They Wrote Their Own Ending: Suicides of Trumbull County Ohio Women

It is always a tragedy when anyone takes their own life. Sadder still is the fact that suicides are increasing year by year. Men resort to suicide more often than women and using more violent methods than their female counterparts to dispatch themselves. Women have been viewed as “long-suffering” and strangers to violence then and even now, but for some women in the distant past, living became too much to bear and they took their fate into their own hands, leaving their friends and family to suffer the effects. These are the stories of a few Trumbull County, Ohio women whose suicides once filled the headlines of the local newspapers.

Rosa Sparks
North Bloomfield, Trumbull County, Ohio
March 25, 1879

Twenty-year-old E. Rosa Sparks allowed the disgrace from her passion to drive her to the grave. Reportedly, she ruined her reputation, by giving herself to an unknown man, most likely feeling that she loved him dearly. He must have not loved her enough to marry her, it’s possible she was pregnant or someone discovered the nature of her relationship, so she despaired. Employed at the Ensign Hotel, she must have fallen for another worker or perhaps a customer, who abandoned her. In any case, another worker discovered her body on the bed in her room. She had fashioned a garotte, a piece of clothesline wound around her neck and tightened with a stick that she twisted with one hand until death enveloped her. So little did she struggle that the bed sheets were hardly wrinkled. She was buried in North Colebrook Cemetery in New Lyme, Ashtabula County, Ohio.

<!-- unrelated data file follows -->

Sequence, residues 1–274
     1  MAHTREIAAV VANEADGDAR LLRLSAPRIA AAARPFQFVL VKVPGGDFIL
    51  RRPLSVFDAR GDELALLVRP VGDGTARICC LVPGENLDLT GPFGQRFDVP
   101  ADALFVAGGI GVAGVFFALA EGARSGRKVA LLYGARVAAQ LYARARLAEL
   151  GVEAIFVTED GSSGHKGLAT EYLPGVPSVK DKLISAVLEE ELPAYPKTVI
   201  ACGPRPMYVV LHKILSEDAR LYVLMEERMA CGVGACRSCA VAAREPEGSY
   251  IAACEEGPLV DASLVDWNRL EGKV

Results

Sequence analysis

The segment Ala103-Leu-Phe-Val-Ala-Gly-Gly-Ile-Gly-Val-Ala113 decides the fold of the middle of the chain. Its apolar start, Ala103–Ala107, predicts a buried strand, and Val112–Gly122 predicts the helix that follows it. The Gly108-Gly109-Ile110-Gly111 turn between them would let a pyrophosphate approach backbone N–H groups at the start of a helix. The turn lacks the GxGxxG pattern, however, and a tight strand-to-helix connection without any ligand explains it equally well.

Her family and friends were not content with the coroner’s official cause of death as suicide, believing foul play to have played a part. Her step-father demanded her body to be reexamined, thus her body was exhumed and the contents of her stomach sent for analysis to Cleveland. Unfortunately, nothing came of the inquest and poor Rosa was forgotten with the passage of time.

The Ensign Hotel, also known as the Bloomfield Hotel, used to stand on the Northwest corner of the intersection of routes 87 and 46, in the present location of Gallo’s auto sales.

Nellie Schultz
Niles, Trumbull County, Ohio
May 16, 1910

Nellie Schultz decided at the incredibly young age of nineteen that she no longer wished to live. She had only been married to Enos Schultz for a year, having moved to the area from Pennsylvania shortly before the wedding. Six months into their marriage, the couple moved to Niles from Mineral Ridge when Enos took a job as a craneman at the Deforest Iron and Steel plant. The night of Sunday, May 15th, Nellie fell into a state of despair and swallowed a dram of carbolic acid. She suffered through the night and at last gave up her spirit on Monday morning.

Enos and Nellie’s Niles home, built in 1884

Enos remarried the following year to Annie Rapp and returned to his birthplace in Reading, Pennsylvania. The couple had two children together. Once again, tragedy entered Enos’ life when five years into their marriage, Annie succumbed to tuberculosis. He married for a third time to Elizabeth, who outlived him. Enos and his last two wives were buried in Reading, Pennsylvania. 

Nellie’s burial place is unknown.

Betsey Pratt Storier
Farmdale, Trumbull County, Ohio
June 21, 1912

At 80-years-old, Elizabeth “Betsey” Storier had enjoyed a long life with a wide circle of friends and family. However, after the death of her husband, she fell into the usual listlessness and poor health of the widowed. Rather than slowly succumb to her fate, she decided to leave this world on her own terms.